Thursday, 23 April 2009

(Empathic) Communication

"Seek first to understand, then to be understood."

"Diagnose before you prescribe."

"Empathic listening is also risky. It takes a great deal of security to go into a deep listening experience because you open yourself up to be influenced. You become vulnerable. It's a paradox, in a sense, because in order to have influence, you have to be influenced. That means you have to really understand."

"It may take a little more time initially but it saves so much time downstream."

(Source: 'The 7 Habits of Highly Effective People')

Listen with the ears, the eyes and the heart,
for feeling, for meaning, for behaviour.
Sense. Intuit. Feel.
Afford "psychological air".
Understand. Affirm. Validate. Appreciate.

Sunday, 19 April 2009

18, Ghazali Beginning of Guidance

Title: Ghazali Beginning of Guidance
Speaker: Abdur-Rahman Ibn Yusuf
Language: English
Running Time: 36 lessons (approx 30 mins each)

Finished listening to this audio series after many many months of slow attentive listening. A bit slow paced but the lectures cover many different day to day matters, including cleanliness, prayer, fasting, character, manners and friendship.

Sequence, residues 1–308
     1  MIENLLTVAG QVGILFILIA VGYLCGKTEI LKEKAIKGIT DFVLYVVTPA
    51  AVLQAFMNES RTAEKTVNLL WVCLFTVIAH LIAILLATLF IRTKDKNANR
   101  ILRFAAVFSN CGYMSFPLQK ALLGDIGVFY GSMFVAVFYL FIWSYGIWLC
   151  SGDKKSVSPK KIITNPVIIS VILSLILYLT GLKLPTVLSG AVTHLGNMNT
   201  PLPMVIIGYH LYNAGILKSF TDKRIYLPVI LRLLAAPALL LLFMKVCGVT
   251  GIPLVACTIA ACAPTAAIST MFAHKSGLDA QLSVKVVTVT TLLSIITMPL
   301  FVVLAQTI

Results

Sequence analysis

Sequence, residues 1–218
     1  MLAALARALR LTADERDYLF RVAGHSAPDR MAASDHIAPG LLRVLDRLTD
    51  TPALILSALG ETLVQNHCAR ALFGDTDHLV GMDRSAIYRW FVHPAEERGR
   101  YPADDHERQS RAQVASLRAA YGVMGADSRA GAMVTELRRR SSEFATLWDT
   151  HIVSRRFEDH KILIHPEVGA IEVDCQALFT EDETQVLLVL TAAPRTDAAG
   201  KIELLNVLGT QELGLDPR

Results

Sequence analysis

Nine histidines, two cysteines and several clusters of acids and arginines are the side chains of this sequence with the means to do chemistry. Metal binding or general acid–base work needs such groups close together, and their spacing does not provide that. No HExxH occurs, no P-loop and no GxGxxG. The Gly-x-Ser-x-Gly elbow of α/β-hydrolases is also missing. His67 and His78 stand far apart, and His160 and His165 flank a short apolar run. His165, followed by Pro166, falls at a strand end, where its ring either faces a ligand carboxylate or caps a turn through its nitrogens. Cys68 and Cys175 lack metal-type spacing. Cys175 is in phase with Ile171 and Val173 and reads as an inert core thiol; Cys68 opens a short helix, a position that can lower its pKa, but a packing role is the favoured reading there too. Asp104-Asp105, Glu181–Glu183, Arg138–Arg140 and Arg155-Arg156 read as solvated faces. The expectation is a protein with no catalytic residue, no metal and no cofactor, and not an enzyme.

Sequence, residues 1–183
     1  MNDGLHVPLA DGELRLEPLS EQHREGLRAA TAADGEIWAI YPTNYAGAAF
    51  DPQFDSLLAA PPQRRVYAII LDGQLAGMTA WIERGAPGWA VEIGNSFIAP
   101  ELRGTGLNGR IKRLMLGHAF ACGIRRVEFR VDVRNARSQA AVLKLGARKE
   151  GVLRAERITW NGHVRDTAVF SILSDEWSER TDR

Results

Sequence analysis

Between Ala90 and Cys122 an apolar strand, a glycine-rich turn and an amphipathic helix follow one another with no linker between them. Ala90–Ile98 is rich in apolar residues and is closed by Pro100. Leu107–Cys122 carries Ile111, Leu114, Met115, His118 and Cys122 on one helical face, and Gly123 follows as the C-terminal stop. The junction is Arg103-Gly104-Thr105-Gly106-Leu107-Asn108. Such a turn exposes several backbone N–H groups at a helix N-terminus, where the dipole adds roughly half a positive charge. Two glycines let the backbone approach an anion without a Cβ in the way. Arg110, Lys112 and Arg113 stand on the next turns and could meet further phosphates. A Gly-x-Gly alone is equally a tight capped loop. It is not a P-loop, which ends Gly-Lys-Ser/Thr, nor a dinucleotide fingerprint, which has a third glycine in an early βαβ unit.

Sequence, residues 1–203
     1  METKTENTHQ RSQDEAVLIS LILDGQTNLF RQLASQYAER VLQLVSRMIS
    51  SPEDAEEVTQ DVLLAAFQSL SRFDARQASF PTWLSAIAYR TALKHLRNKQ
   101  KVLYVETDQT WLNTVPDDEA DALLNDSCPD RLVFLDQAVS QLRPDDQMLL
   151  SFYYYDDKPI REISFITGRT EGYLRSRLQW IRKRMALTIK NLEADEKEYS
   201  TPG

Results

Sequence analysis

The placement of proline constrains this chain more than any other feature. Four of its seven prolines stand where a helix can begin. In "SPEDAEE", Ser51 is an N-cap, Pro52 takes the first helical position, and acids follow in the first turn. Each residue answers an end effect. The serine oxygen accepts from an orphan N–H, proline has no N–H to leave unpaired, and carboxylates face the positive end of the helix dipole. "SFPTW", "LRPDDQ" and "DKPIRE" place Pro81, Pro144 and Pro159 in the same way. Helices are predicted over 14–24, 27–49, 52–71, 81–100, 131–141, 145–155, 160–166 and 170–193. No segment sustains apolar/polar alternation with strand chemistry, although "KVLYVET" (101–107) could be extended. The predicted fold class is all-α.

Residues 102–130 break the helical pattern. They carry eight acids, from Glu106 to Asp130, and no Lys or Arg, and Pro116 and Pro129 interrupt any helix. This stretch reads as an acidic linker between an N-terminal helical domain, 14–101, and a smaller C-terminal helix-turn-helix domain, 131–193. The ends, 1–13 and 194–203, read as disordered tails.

Audio series downloadable from

Sex and Relationship Education

Attended this seminar yesterday entitled "Sex and Relationship Education - The Need for a Muslim Community Response" organised by the Waltham Forest Council of Mosques in association with SREIslamic. Very good, professional presentation. Quite scary how our society is corroding with the times. We definitely need to maintain our moral standards and values, and not lower our bar of acceptability, amidst the craziness.

Note to self: Become a school governer.

Saturday, 18 April 2009

The slow, complicated road to adulthood

A good article that I stumbled upon whilst reading the one quoted in the previous post: